A chunk of ice more than twice the size of New York City could break off from Antarctica’s Brunt Ice shelf essentially at any moment.
Two large cracks in the shelf have been inching further open over the past few years. When they finally intersect, a berg about 660 square miles wide and almost 500 feet thick will be released into the ocean—where it will eventually melt, joining its brethren in adding more water to the world’s oceans and pushing global sea levels a tiny bit higher.
It’s no surprise that the giant berg would eventually break off: The Brunt Ice Shelf is one of the most carefully monitored ice tongues in the world, because it’s the site of the Halley Research Station, a major center for the British Antarctic Survey’s research activities in the region. But no one knows exactly when the berg will dislodge.
Nor is the berg the biggest to break off Antarctic ice sheets in recent years. That prize goes to a Delaware-sized chunk (something like 2,240 square miles) that peeled off the nearby Larsen-C ice sheet in 2017. But this hunk is nothing to sneeze at.
Unlike the dramatic ice break-ups observed over the past few years on the Antarctic peninsula, though, this calving event is not likely driven by warming air or seas.
“The Brunt ice shelf is relatively far south compared to the ice shelves that have calved dramatically on the Antarctic Peninsula,” says Oliver Marsh, a glaciologist at the British Antarctic Survey in Cambridge, England, and the extra-warm air temperatures that have toasted that region haven’t had such a dramatic effect at Brunt yet. “This calving event is just part of a natural cycle.”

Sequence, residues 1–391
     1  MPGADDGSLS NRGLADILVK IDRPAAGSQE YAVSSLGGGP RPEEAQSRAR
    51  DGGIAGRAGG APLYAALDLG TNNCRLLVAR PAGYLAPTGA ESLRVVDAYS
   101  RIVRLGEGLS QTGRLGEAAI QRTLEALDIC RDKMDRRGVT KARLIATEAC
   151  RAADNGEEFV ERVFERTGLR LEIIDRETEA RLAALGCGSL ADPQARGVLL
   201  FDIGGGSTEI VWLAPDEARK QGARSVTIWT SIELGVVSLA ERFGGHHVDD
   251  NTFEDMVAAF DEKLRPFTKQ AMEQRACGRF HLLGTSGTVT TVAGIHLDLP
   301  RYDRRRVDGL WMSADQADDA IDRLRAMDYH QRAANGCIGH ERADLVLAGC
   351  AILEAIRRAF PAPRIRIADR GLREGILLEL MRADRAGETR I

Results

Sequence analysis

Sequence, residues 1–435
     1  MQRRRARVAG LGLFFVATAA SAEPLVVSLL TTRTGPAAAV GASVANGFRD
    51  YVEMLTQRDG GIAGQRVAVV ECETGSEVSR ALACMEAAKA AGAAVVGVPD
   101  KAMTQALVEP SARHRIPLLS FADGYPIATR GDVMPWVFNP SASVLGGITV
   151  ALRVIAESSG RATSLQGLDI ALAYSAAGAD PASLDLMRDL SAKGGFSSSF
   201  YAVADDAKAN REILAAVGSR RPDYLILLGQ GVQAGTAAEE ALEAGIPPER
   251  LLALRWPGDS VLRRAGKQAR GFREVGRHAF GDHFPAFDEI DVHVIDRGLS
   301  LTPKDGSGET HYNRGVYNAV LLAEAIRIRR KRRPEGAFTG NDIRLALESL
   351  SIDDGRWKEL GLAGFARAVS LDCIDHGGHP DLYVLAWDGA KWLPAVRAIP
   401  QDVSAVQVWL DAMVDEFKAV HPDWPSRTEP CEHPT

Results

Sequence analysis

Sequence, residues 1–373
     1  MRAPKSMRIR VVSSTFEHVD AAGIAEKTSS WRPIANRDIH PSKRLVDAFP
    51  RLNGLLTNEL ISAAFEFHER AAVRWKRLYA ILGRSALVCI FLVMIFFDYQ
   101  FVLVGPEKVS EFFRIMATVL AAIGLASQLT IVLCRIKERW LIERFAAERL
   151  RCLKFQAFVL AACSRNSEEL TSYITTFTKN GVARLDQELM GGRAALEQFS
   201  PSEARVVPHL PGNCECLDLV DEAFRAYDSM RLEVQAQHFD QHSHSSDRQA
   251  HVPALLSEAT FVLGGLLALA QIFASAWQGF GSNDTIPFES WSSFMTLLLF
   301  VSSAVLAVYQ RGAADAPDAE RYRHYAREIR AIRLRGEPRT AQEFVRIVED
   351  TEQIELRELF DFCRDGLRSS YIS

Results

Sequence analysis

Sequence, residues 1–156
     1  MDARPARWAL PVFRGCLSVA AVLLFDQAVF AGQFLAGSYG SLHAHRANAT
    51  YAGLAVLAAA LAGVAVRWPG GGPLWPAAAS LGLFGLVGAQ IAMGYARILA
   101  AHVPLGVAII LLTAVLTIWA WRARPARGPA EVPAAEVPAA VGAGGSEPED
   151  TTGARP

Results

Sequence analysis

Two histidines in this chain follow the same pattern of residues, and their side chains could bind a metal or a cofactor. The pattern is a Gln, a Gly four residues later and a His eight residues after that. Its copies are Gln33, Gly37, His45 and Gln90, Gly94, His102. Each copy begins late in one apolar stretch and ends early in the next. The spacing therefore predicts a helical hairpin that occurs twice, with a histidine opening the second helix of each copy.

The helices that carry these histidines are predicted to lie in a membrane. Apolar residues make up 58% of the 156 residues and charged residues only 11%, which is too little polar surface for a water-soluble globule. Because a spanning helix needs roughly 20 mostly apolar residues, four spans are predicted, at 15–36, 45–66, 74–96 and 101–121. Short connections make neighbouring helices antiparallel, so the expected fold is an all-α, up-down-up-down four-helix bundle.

The first fault line on the Brunt Ice Shelf, called Chasm 1, has been in place for over 35 years (glaciologists call breaks in the ice sheet that extend all the way from surface to the ocean below “chasms,” while shallower faults are called “cracks” or “crevasses”). It remained relatively stable until 2012, when surveyors noticed that it starting to grow again, creeping across the wide tongue of ice that protruded out over the ocean. Now, it’s extending outward in fits and starts, growing by a few hundred meters each week, on average.
The second break point, near the top of the image and first observed in 2016, is known as the Halloween crack. The crack is upstream from a set of crinkles, visible from the satellite photos, called the McDonald Ice Rumples. The rumples form when the bottom of the ice shelf, which flows downhill toward the ocean like very slow putty, runs up against an underwater ridge. That ridge pins the ice in place and slows its flow, forcing ice upstream to pile up, fold, crinkle, and sometimes crack.
The end of Chasm 1 is currently about 2.5 miles away from the ice rumples. Sooner or later, the two cracks are likely to intersect. When they do, a monster berg will begin its slow float away from the continent. Alternatively, says Marsh, the stresses on the ice shelf could force Chasm 1 to take a turn toward the ocean. The overall result would eventually be the same—that a berg breaks off—but the timeline for that break-up would change.